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Times Touts Record U.S. Emissions, Ignores Failure of Other Nations

     Ringing alarm bells about record greenhouse gas emissions, New York Times reporter Andrew Revkin opened his December 21 article noting the U.S. Energy Department reports U.S. emissions linked to global warming reached an all-time high in 2004 nearly double the average annual rate measured since 1990. But Revkin failed to note that the U.S. performed better than Kyoto Protocol signatory Canada or that former enthusiastic boosters of Kyoto like Britains Tony Blair now find the treaty unrealistic.

     Using 1990 as the base year, Canada's emissions are now 24 percent higher, while the United States is up by 14 percent, said Elizabeth May, executive director for the Sierra Club in Canada, in a November 27 New York Times article. May added, The United States' performance is superior to Canada's, even though it is outside Kyoto.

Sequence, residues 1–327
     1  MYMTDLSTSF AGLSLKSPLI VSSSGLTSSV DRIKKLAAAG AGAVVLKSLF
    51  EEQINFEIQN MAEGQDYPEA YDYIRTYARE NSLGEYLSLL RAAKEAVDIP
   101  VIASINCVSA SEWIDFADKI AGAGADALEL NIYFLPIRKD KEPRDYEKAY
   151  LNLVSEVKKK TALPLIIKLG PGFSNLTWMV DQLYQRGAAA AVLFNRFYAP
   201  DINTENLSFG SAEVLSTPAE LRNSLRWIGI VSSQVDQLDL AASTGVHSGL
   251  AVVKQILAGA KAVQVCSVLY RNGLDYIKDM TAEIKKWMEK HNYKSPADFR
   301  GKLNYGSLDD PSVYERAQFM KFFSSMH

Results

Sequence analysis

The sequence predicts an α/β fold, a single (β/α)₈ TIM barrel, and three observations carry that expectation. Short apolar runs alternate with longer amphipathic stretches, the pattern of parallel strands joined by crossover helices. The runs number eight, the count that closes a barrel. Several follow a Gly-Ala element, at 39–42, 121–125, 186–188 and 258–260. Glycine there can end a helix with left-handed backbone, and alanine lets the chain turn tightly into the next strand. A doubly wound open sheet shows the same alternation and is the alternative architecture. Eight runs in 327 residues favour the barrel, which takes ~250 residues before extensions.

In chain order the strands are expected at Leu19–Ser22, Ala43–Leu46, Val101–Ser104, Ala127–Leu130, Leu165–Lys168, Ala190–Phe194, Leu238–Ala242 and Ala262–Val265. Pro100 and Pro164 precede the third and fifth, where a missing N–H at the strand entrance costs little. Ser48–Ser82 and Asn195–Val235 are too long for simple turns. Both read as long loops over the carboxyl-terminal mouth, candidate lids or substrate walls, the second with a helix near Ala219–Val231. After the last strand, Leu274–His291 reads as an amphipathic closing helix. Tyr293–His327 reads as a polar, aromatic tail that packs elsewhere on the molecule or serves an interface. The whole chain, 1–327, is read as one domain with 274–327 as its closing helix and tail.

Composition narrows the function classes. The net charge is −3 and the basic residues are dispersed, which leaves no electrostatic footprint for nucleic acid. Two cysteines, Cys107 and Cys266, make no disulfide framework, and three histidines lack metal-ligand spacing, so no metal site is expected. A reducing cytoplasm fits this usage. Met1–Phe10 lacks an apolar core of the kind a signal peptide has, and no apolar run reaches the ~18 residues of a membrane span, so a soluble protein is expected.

The November 27 Clifford Krauss piece, filed on the eve of a climate change summit held in Ottawa., added that when it signed the Kyoto agreement, Canada agreed to reduce its output of carbon dioxide and other greenhouse gases by 6 percent below 1990 levels from 2008 to 2012.

     Even the expert Revkin showcased, Lord Martin Rees of the United Kingdoms Royal Society, noted that Britain's emissions had also risen in the last two years. Reess home country also was also party to the Kyoto climate change treaty. "We should not underestimate the challenge of achieving economic growth whilst reducing emissions, Rees said, and the United States is not the only country that is struggling to do this.

     Critics of Kyoto such as Competitive Enterprise Institutes Myron Ebell and Iain Murray have long predicted the failure of Kyoto Treaty nations to live up to the dictates of the treaty,  and in September, British Prime Minister Tony Blair startled the British press with his candid confession that Kyoto was unworkable. No country is going to cut its growth or consumption substantially, said the three-term British premier.

     The Business & Media Institute previously has documented how the media have skewed climate change coverage to gloss over the costs the treaty imposes on countries which have adopted it.